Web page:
384. Telephone Conversation Between President Johnson and Former President Eisenhower1

Eisenhower: Well, how’ve you been, Mr. President?

President: I’m doing fine under the circumstances. We’re getting this government off reasonably good. I don’t want them to bother you, but I sure do want to keep you informed, and I told McNamara to see you because I thought it would be good for McNamara. I think that he and General GoodpasterGoodpaster is just wonderful—but I thought maybe a little touch of you, given your views and philosophizing with this fellow, would be a little helpful.

We’ve got a project we call Buttercup that shows that the South Vietnamese are kind of playing a little bit with the NLF and talking to them about exchanging prisoners and we got some exchanged yesterday for the first time. And then they are talking about how they might talk and this fellow Thieu, most of the people think, I’m not very good at evaluating him, but most of the folks think, Westmoreland and Bunker and them—and incidentally, Mr. President, I think we’ve got the best team we could have, so I just have confidence in them and try to support them—but they think that Thieu is going to be better than [Page 985]Ky. He’s a little more reserved and a little more judicious and a little tougher and maybe not quite so gay and showmanship, you know. And so we are working on that a good deal and I am having a meeting, I just called it now for 11:30, to talk to Rusk and McNamara and them again about releasing some more prisoners. They want some more exchanges. So that is rather encouraging.

Eisenhower: That is.

President: General Bradley just came back. He says …

Eisenhower: From where?

President: From Vietnam. He says they have 12 and 13 year old kids, and the report from Bunker this week shows that one province out of Saigon in the III Corps that’s made up of about 500,000 people, and the Viet Cong have just picked up and evacuated. They just can’t live. They are running out of food and their battalions are splitting up. So all of these little things, and we are afraid to say it because they hit our credibility and if it doesn’t come true why this happens. Bunker is coming in here. If you could sit down with Bunker—do you know Bunker?

Eisenhower: Oh, very well. He was Ambassador when I was President—in India.2

President: Well, he was a Republican businessman in Vermont that made a good deal of money, somebody said, and decided to retire and retired. They started to pull him into the government for every tough assignment and in the Dominican Republic it was impossible, but he went down there with all of those Commies—there were three groups of them: Chinese, Castro, and Soviet—and he whipped them all. And he says that he is bringing this thing through. I’d like for you to see him when he comes back. He’s going to be here in about 10 days.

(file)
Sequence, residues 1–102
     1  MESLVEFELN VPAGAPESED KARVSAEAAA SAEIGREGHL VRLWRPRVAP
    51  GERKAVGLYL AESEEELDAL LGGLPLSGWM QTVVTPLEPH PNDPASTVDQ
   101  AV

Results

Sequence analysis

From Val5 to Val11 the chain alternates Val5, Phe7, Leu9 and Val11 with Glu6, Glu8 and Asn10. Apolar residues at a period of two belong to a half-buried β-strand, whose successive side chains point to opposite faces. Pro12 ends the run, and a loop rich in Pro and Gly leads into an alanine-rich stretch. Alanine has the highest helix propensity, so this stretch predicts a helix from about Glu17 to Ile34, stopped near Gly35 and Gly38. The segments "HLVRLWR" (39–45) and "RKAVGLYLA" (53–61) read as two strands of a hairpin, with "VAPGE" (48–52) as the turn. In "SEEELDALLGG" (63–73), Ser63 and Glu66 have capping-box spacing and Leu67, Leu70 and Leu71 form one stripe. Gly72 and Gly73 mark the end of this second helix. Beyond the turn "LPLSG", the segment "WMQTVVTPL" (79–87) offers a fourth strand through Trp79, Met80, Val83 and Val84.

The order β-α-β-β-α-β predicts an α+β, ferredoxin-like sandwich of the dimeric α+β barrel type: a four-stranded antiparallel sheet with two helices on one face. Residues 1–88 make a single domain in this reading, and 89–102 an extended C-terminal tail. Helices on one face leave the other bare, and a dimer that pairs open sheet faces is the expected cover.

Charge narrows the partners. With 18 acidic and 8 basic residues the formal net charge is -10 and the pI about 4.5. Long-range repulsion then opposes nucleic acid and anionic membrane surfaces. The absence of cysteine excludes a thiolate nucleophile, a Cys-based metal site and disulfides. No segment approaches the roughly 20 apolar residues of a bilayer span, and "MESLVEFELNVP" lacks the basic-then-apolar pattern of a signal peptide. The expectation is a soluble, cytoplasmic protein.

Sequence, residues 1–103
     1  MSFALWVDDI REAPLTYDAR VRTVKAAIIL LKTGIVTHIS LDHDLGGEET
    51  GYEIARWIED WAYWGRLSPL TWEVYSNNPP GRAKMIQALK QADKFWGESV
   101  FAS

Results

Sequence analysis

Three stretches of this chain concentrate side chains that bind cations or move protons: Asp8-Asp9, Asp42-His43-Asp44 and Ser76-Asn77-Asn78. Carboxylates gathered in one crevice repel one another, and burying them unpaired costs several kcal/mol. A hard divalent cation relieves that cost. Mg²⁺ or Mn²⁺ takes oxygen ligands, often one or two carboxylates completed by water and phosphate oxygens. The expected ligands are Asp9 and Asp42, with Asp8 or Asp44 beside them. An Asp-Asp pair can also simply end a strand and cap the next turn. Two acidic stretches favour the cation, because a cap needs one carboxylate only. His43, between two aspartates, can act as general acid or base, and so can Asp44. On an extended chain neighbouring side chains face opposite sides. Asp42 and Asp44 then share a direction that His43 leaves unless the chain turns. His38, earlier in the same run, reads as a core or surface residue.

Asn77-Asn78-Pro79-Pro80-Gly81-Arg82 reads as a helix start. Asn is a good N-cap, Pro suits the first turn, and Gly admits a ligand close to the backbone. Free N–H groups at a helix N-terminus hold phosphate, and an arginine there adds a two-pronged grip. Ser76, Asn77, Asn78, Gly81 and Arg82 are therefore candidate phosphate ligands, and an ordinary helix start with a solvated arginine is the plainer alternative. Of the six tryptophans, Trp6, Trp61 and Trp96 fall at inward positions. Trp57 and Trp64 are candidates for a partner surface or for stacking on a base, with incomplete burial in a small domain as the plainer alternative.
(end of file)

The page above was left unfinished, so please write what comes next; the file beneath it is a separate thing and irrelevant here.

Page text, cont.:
Eisenhower: Well, I’m going out to California the first of December.

President: I am jealous of you. I want to quit and come out there and play golf myself.

Eisenhower: Well, I’ll tell you, I will be here through November, though.

President: Wonderful, wonderful. Well, if you are and if you can, I’d like to send him over and spend 30 minutes with you.

Eisenhower: Well, I’ll tell you, I get my briefings that I’ve had, I am very much encouraged on the military side of this, and particularly what has pleased me is the increasing percentage of those people that have the courage to go and vote. That shows that they’re getting greater confidence.

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President: General, we took us from 1776 to 1789 to get a Constitution in this country, and we had all that Anglo-Saxon heritage and background and freedom. Now these people in 13 months have had 5 elections and we have shoved them and Bunker has shoved them, maybe a little too fast, Westmoreland. But the fact is that they had a higher percentage of their total people voting than we have and they’ve had five elections and they have ratified a Constitution and they’ve elected a House and a Senate and a President and Vice President and I think that is pretty encouraging.

Eisenhower: I do too.3

[Here follows discussion of personal matters and comments on the political situation in South Asia.]

  1. Source: Johnson Library, Recordings and Transcripts, Recording of Telephone Conversation Between Johnson and Eisenhower, November 4, 1967, 10:05 a.m., Tape F67.14, Side B, PNO 3 and 4. No classification marking. This transcript was prepared in the Office of the Historian specifically for this volume.
  2. Bunker was Ambassador to India during the years 1956–1961.
  3. In a briefing for Eisenhower on November 9, Goodpaster told him: “He [Johnson] plans to plead for a ’common sense’ approach on the war. He thinks that many of the current charges against it are being made out of ignorance.” (Memorandum for the Record, November 9; Johnson Library, National Security File, Name File, President Eisenhower (1965–1968) [1 of 2])